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Review by Reed Burnam

Artist: perkXsoundlabs
Album: Rápidamente

Rapidamente is the newest album from Arizona's native son Paul Rolan Perkes, aka perkXsoundlabs. Coming hot on the heels of Perkes' earlier offering String Theory (June 2012), Rapidamente is another collection of catchy, kitschy, and classic chiptune and electronica tracks that hearken back to an earlier period of electronically manufactured music, both in sound and feel. The album is comprised of sixteen instrumental tracks which seem to pulsate with Perkes' personal scientific gravitas (the guy holds a degree in physics and numerical analysis), and this larger mindset seems to fashion the color and the shape of Rapidamente's overall thrust. This is thinking man's electro, perfect for late night drives as well as the soundtrack for cramming for your calculus mid-terms.

There's something simple and effective about Perkes' approach to beat connections, and with String Theory and now Rapidamente, he has proved himself as an aptly equipped vehicle for funneling an archetypal yet suitably forward looking electronic fever pitch (think Kraut, Kraftwerk especially, as well as other similarly ensconced acts such as Neu! and Tangerine Dream). Tracks on Rapidamente trough and swell on what might be considered a simple, un-nuanced logical arc by those who are less than educated about electronica's divergent root-stock, as there's none of the flash in the pan dynamics, overwrought vocals, and chunky club drops and stutters found in many more mainstream outings. Thus Perkes' record should be readily embraced by those who have an ear for more subtle, retro, and nuanced electronic textures. Not to suggest that the album doesn't kick it into high gear in its own time, though (check out the slow build and eventual upswing of "Empty Spaces", the afterburner jet fuel of title track "Rapidamente", or the jittery vacuum contours of "Intrinsic", for two examples). In all, there's a little something for everyone here, and Rapidamente delivers a diverse enough sound spread to appeal to a pretty wide fan base, seems.

Much like the previous String Theory, Rapidamente delivers a cohesive dose of measured melody, and there's an underlying current to Perkes' concoctions that is familiar across the entirety of the album, a certain style that is his own that comes out on all the tracks. Where Rapidamente builds on its predecessor is in terms of the diversity and depth of its contents, and tracks on this record tend to progress well and show more differentiation from one another. While String Theory was quite a good record, as a collection of tracks Rapidamente builds and progresses off Perkes' previous foundations and presents the listener with a full spectrum heroic dose of varied electronic goodness that doesn't show very many seams and remains pretty diverse throughout. "Dreams of Conquest" is quite video-game like in approach, all victorious and soaring. "Opportunity" gives up the claustrophobic Darwinian space rock, backing into the piano rolls and running man theatrics of "Above the Clouds", while "Serengeti Sunrise" is the sound of Carl Sagan and Stephen Hawking fronting an intergalactic funk outfit astride a dark matter mobius strip. "Infinite Hope" is an album standout, with aptly moody and moving melodics that channel and refashion the classic feel that Perkes' is rocking all over Rapidamente, with some cool theramin, circuit bending like effects surfacing mid-track like interstellar whale songs. "Opus Zero" features a nice, baroque piano line that blends into something like futuro-chamber pop, while "Caught in the Web" starts out unassuming enough, only to drop the big four on the floor drums right on your dome, with some interestingly off-kilter changes peppered through the track, and "Joyful" might be described as the future sound of London filtered through some archaic Kraut tent revival out near Orion's belt somewhere. "Evolution" completes the scene, and is all kinds of dated sounding, though not necessarily in a bad way, dig?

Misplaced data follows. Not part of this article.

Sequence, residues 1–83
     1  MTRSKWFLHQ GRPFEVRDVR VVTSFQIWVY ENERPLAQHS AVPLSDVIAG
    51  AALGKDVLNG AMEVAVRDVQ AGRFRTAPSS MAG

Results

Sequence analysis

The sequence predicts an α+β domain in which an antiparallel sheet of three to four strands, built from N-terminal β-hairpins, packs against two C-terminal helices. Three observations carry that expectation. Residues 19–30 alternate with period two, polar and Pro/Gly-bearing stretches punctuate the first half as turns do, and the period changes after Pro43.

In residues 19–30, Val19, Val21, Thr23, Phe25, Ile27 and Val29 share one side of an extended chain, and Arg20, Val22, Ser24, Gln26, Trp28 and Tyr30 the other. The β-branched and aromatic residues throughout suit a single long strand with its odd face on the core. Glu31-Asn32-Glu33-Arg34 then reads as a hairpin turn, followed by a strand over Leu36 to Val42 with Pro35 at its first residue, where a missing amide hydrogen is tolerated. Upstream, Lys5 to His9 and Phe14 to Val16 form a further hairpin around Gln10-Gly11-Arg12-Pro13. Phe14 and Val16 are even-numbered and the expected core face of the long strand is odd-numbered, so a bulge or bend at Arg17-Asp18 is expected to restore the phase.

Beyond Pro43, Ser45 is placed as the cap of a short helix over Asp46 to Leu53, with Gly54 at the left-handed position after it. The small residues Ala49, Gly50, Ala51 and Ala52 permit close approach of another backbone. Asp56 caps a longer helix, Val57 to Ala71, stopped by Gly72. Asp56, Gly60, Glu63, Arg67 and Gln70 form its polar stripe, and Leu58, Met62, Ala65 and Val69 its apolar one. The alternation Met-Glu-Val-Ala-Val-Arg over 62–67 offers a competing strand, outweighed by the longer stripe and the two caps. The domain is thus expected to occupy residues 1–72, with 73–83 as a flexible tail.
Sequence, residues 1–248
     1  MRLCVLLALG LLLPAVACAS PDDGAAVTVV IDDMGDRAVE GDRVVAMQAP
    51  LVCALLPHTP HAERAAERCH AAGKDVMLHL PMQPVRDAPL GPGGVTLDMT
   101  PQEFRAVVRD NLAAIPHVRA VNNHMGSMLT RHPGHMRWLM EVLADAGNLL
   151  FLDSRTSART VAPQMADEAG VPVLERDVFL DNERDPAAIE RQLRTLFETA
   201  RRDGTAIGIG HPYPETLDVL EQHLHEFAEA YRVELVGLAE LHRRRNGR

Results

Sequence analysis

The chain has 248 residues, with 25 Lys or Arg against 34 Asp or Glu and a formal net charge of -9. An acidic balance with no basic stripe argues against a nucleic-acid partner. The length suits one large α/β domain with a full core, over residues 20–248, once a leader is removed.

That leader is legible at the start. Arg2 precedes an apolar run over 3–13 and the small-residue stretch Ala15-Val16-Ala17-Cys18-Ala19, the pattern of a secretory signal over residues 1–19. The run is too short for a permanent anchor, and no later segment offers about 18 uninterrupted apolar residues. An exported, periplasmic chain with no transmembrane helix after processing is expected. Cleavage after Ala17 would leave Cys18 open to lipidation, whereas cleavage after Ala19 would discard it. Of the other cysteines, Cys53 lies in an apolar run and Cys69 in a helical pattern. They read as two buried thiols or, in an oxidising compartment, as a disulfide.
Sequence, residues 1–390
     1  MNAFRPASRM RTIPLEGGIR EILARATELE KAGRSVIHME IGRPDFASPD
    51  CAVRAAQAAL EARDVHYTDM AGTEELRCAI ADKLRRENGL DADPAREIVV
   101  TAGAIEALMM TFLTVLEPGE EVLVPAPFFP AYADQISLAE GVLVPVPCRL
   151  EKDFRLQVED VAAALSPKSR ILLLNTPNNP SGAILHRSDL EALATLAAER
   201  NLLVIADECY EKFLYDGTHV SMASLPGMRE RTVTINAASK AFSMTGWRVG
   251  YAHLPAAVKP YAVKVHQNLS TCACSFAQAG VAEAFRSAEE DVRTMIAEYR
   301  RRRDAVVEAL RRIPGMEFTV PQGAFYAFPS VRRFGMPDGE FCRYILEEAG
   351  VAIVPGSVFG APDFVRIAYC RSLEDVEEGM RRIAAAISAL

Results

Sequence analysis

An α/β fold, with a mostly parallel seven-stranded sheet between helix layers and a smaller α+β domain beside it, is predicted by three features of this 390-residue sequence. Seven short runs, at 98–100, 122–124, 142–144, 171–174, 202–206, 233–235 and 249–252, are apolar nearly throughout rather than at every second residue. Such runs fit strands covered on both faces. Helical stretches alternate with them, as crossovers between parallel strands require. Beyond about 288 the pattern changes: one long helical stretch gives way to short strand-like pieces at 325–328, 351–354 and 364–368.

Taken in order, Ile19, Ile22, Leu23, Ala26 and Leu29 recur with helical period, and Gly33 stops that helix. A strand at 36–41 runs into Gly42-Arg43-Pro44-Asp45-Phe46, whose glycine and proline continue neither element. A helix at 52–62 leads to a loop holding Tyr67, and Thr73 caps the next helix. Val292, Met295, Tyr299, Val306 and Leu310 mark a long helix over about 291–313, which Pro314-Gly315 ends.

Rapidamente is perkXsoundlabs second release of 2012, and according to Perkes' bio, about 30 years in the making. What with the planetary shift to second tier consciousness looming large, one can only imagine what 2013 will bring. Hold on to your hats, folks.

Review by Reed Burnam
Rating: 3.5 Stars (out of 5)
Review You, October 2, 2012

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